How to Make Always-Installed Django Database Instrumentation2020-07-23
Since version 2.0, Django has provided a hook for installing database instrumentation wrapper functions. These functions are like middleware for database queries, allowing you to inspect and rewrite SQL before it is sent to the database. There are many use cases, for example:
- Blocking database queries in certain blocks of code, as in the feature documentation.
- Tracking all queries, as in Scout APM’s python agent.
- Rewriting queries to add extra SQL features, as used in Django-MySQL’s query hints extensions.
For this post, let’s use an example wrapper function that logs a warning for slow queries. We can implement it like this:
Then for any block of code for which we want to log about slow queries, we can use:
A small limitation of the API is that it is only available as a context manager. This means having a wrapper function that’s installed for every single query is a little bit of a challenge.
We can use a middleware to install our wrapper:
If we add
SlowQueryLoggingMiddleware to the top of our
MIDDLEWARE setting, we can inspect all queries that happen within HTTP requests.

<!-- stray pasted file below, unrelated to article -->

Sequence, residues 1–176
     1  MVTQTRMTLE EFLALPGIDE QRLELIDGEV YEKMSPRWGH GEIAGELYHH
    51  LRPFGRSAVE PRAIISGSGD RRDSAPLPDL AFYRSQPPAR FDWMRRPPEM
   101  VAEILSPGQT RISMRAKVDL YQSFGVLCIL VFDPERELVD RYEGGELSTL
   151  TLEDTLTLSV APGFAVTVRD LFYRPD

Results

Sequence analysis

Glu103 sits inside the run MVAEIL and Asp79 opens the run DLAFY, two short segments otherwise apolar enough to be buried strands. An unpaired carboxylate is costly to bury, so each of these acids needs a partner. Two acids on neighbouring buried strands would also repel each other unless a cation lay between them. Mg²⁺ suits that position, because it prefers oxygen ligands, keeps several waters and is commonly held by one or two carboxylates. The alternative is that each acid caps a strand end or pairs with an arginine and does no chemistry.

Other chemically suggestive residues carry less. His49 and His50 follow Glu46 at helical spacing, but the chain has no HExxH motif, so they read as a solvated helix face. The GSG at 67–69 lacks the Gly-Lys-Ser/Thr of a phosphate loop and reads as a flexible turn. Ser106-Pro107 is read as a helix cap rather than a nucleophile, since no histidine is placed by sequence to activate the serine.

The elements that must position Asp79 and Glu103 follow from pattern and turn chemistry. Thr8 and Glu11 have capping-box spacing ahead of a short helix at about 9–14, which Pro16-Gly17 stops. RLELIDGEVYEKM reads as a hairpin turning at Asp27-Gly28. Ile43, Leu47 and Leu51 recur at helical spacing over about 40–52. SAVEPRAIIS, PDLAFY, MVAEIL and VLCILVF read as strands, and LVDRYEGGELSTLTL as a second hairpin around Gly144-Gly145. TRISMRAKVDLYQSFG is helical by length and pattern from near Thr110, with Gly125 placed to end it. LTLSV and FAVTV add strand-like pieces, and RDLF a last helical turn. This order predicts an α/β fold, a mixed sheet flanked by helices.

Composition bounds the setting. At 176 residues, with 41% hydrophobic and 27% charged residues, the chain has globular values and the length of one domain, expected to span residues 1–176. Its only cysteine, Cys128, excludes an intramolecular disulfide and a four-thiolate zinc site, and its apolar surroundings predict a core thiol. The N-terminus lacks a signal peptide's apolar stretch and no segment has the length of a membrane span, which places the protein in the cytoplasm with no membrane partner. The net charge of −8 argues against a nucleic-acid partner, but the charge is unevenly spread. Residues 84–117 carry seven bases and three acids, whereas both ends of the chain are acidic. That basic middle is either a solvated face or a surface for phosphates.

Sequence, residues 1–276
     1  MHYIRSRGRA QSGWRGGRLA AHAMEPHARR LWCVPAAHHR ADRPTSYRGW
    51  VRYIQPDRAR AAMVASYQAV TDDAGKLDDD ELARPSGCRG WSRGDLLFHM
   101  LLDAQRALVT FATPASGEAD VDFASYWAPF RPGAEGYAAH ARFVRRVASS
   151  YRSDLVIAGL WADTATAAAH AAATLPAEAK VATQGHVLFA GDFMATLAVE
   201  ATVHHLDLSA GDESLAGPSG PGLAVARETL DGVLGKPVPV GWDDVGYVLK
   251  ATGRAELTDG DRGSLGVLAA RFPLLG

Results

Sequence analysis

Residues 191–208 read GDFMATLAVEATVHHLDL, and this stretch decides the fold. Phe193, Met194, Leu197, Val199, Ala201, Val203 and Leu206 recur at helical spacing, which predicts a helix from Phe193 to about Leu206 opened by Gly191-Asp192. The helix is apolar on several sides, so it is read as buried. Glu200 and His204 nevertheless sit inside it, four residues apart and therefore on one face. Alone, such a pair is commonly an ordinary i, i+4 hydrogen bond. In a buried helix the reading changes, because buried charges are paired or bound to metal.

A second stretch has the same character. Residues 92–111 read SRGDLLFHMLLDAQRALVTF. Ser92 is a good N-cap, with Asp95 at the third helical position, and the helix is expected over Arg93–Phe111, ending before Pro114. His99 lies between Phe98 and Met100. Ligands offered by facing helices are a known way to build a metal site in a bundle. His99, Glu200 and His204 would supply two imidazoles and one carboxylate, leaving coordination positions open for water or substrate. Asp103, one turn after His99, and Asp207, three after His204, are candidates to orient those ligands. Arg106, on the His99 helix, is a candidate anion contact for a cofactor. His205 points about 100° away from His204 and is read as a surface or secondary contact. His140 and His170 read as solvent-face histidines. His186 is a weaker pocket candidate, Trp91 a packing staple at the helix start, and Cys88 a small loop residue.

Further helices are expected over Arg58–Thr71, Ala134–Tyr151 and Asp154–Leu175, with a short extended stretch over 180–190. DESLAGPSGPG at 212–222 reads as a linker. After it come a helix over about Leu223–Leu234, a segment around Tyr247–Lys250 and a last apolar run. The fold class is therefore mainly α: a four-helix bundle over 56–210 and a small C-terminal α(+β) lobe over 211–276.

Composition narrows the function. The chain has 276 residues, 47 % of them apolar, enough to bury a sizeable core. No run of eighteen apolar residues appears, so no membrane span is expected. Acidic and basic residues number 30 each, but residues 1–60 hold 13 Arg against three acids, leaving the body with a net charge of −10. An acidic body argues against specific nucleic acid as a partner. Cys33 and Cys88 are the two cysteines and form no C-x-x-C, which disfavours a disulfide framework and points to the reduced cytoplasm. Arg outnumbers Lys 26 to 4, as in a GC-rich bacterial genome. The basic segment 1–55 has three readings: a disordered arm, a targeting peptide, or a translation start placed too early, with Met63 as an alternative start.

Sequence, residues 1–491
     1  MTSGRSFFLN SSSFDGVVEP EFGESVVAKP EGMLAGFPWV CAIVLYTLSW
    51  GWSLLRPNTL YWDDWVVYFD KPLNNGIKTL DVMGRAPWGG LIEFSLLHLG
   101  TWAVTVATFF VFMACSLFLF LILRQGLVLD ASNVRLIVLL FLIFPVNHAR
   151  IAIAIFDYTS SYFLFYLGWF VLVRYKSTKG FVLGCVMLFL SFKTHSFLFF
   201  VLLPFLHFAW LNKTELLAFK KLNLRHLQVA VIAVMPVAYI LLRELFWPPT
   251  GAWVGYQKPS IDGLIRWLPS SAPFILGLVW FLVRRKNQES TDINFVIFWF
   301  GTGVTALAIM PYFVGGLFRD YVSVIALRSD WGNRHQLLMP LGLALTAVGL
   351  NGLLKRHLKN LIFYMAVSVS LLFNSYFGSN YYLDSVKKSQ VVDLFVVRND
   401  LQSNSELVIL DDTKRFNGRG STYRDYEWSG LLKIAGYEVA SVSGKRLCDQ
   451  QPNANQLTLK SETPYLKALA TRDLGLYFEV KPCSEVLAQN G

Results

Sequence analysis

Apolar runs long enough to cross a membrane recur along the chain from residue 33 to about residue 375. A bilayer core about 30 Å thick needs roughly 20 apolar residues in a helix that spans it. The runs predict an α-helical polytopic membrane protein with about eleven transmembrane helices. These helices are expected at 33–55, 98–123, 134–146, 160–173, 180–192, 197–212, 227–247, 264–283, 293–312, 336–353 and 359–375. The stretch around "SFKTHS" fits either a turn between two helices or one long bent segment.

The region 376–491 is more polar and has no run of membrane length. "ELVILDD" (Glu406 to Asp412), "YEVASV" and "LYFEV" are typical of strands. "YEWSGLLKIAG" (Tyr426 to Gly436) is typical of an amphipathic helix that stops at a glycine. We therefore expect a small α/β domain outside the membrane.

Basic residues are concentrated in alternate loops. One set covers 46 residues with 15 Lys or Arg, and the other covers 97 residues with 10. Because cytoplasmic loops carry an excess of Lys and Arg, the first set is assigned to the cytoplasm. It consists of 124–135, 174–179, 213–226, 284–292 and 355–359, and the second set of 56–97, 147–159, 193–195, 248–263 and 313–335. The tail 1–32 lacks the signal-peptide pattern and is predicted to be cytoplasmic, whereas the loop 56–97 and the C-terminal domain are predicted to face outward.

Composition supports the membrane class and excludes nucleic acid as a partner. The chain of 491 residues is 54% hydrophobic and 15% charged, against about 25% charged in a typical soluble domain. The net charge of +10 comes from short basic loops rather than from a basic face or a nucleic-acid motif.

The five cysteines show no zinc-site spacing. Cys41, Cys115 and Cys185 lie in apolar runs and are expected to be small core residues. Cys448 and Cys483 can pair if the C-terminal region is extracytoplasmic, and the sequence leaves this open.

But our instrumentation is still rather incomplete.
We’ll miss all queries made outside of the request-response cycle, such as during management commands or background task functions.
To always install a wrapper function, we have to step outside of the documented database instrumentation API.
We can directly manipulate the connection’s
execute_wrappers list to insert our wrapper function.
execute_wrappers list is not documented, so it’s not a public API and could change at any time in Django.
But in practice
execute_wrappers hasn’t changed since Django 2.0 added database instrumentation.
We can install our wrapper from within a handler for the
Django sends this signal each time it connects (or re-connects) to a database.
Because Django will probably have already connected to the databases by the time we attach our handler, we also need to directly run our handler once for each connection.
Here’s how this all looks together:
The best place to add this would be in one of our apps’
Naturally, we’d best add some tests for our wrapper function. They’re extra important since we’re using an undocumented API. For our example, we can test that slow queries trigger a log message:
These tests use the
TestCase.assertLogs() method to grab the log messages.
If you’re using pytest, you can also use the caplog fixture.
Additionally, to keep the tests fast (my favourite topic), we use the decorator form of
mock.patch.object() to temporarily reduce
Without this we’d need to make a query that lasts at least one second, which is enough time to run hundreds of other tests.
And by the way, we import the application as
__main__ here because the example code has been added to a single file application.
For normal projects with more than one file we would import from the appropriate modules.
Thanks to Shai Berger for implementing database instrumentation back in Ticket #28595. I hope this post helps you write your own wrapper functions,
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